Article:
In the twenty-first century, film is an obviously scandalous industry. More troubles seem to come to the limelight every week with the advent of social media and digital journalism. But this isn’t the twenty-first century. Rather, it’s the 1950’s, when studios owned actors’ contracts, films were shot on studio back lots, and synchronized swimming with mermaids was a thing. Eddie (Josh Brolin) is what you might call the fixer. He doesn’t make the movies, but he handles the actors, the contracts, the directors, the sets, the clips, the images of the actors, the press, the everything. And it is a madhouse.
For the most part, Hail, Caesar! is a dramedy (more comedy than drama, admittedly) about Eddie and his coming to terms with his work. He’s being offered a slick deal from Lockheed Martin that means less hours, better retirement, and fewer responsibilities. Meanwhile, everything in the film seems to be pushing him away from the film industry – his best actor goes missing, a Western actor has to be converted to Broadway drama material, his lead actress has an unwed pregnancy to deal with, and that’s all in the first half hour or so.
The first thing that you can say about this film, even given the busy nature of it and the seemingly endless supply of big name actors (George Clooney, Scarlett Johansson, Channing Tatum, Tilda Swinton, etc.), is that it’s a fun movie. The aforementioned synchronized swimming scene is mesmerizing. Channing Tatum has a tap-dancing scene that’s undoubtedly a throwback to the era of Danny Kaye, and Ralph Fiennes is utterly fantastic as the slightly snobby French director (it’s a shame that he’s barely in the film for five minutes). And the thing that makes it more fun is that it’s oddly self-aware in a way. The film is a backhanded parody of the 1950’s film industry, even while paying a great deal of respect to it, and in that way is a film making fun of films, even while it defends their existence to a certain degree (a factor in Eddie’s decision becomes film as art, not just mindless entertainment, which seems to have been a more subtle point that the Coen brothers were going for).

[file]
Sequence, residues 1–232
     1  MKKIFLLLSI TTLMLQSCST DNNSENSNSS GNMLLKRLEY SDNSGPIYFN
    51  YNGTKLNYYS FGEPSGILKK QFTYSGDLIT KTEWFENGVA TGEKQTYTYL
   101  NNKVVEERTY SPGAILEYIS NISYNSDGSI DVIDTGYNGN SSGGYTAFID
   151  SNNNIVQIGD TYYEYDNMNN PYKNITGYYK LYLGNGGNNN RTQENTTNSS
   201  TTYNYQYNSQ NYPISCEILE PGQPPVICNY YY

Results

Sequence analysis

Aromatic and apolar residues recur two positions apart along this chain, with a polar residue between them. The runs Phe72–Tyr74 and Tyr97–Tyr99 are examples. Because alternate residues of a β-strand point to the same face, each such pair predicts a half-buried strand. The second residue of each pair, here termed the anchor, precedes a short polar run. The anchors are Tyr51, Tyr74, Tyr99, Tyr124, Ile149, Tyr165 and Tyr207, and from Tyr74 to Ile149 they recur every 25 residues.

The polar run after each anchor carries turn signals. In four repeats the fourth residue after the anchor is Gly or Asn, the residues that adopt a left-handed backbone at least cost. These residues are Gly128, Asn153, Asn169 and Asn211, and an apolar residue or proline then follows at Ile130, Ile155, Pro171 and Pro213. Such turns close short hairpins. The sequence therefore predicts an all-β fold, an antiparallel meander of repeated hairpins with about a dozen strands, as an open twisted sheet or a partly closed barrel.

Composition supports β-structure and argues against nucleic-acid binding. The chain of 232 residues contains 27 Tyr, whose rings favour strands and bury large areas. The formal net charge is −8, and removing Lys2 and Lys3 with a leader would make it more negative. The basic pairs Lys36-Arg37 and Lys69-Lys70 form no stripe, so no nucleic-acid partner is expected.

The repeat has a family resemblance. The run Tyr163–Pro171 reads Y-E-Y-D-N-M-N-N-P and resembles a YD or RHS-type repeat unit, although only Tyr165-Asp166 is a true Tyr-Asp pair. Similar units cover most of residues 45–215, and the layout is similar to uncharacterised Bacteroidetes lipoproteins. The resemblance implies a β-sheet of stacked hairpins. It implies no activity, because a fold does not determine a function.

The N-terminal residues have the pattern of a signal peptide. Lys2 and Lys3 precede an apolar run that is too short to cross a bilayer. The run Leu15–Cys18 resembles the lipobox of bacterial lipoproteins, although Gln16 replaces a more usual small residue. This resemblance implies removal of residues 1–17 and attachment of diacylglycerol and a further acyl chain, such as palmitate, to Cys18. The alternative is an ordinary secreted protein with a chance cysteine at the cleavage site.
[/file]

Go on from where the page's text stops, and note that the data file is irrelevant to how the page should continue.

Those are all great elements. Johansson’s Brooklyn accent is utterly fantastic, by the way, and Jonah Hill’s dry delivery is a blast. But it’s the religious elements of the film that had me more intrigued. The film itself opens in a confession booth. The way Eddie goes about his confession makes the viewer wonder at first if there’s more he ought to be confessing but, for the most part, he’s really a good guy. The studio’s film that’s the title of the film is a telling of the story of Christ from the perspective of a Roman, and while the film does take some shots at religious disagreements, played for one of the film’s most comical scenes, it’s very respectful of religion as a whole. Eddie even visits the cross scene of the studio when he’s doing a lot of soul-searching, almost serving as his own sort of “Gethsemane” (although to make Eddie into a Christ figure of this film would be a stretch beyond that of Reed Richards’ capabilities).
So the film is fun, and it’s very respectful of religion. I like all of that about the movie. But there are flaws here as well. At points the film seems unable to decide whether it wants to be a comedy or a drama. Baird Whitlock (George Clooney)’s kidnapping was marketing as the conflict point of the film in the trailers, but serves merely as a pile of job-related troubles for Whitlock in the film. The only real conflict and climax has to do with Eddie’s decision whether or not to take the job, and there are no real surprises in that plot line itself. So even though the journey is fun, it feels like it just goes for a while and then stops without a real plot curve to show for it. That doesn’t make it a bad movie, but it does keep it from being a great one.
Of particular note here is the overlooked subthemes that could have been very compelling nuances in the film’s subject matter. While meeting with Lockheed Martin, the hydrogen bomb is brought up in the conversation. Eddie looks as though he’s going to contest the morality of this development, but they’re interrupted by the server and that discussion never happens. Then it’s just shoved under the table, so to speak. So instead of having this great conflict of morality, where a better job means more unscrupulous work, it’s hardly even addressed. In the same vein, for the good man that Eddie seems to be, he hardly gives the impact of his work on his family a second thought. Instead, the great message of the movie comes down to a thinly veiled version of God’s wanting him to do what makes him happy, the centerpiece of the prosperity gospel that has plagued American culture for the past twenty years.
Now, it should be noted that this is mostly a clean movie, with a few exceptions. A reference is made to “sodomy” (though not in a positive light), and one of the dances is slightly homoerotic, though this may go over some viewers heads. The aforementioned unwed pregnancy is a somewhat prominent subplot point, though no political or social point is ever intended of it. So comparatively speaking, it’s certainly a better movie choice than, say, the vulgar Deadpool. But we shouldn’t evaluate these things comparatively. So on its own merit, Hail, Caesar! is a fun parody of 1950’s film, but fails when it comes to the ultimate message. Yes, I do believe that film is art. That part of the film I really enjoyed. But I certainly hope I can never be accused of making career decisions the way Eddie makes his.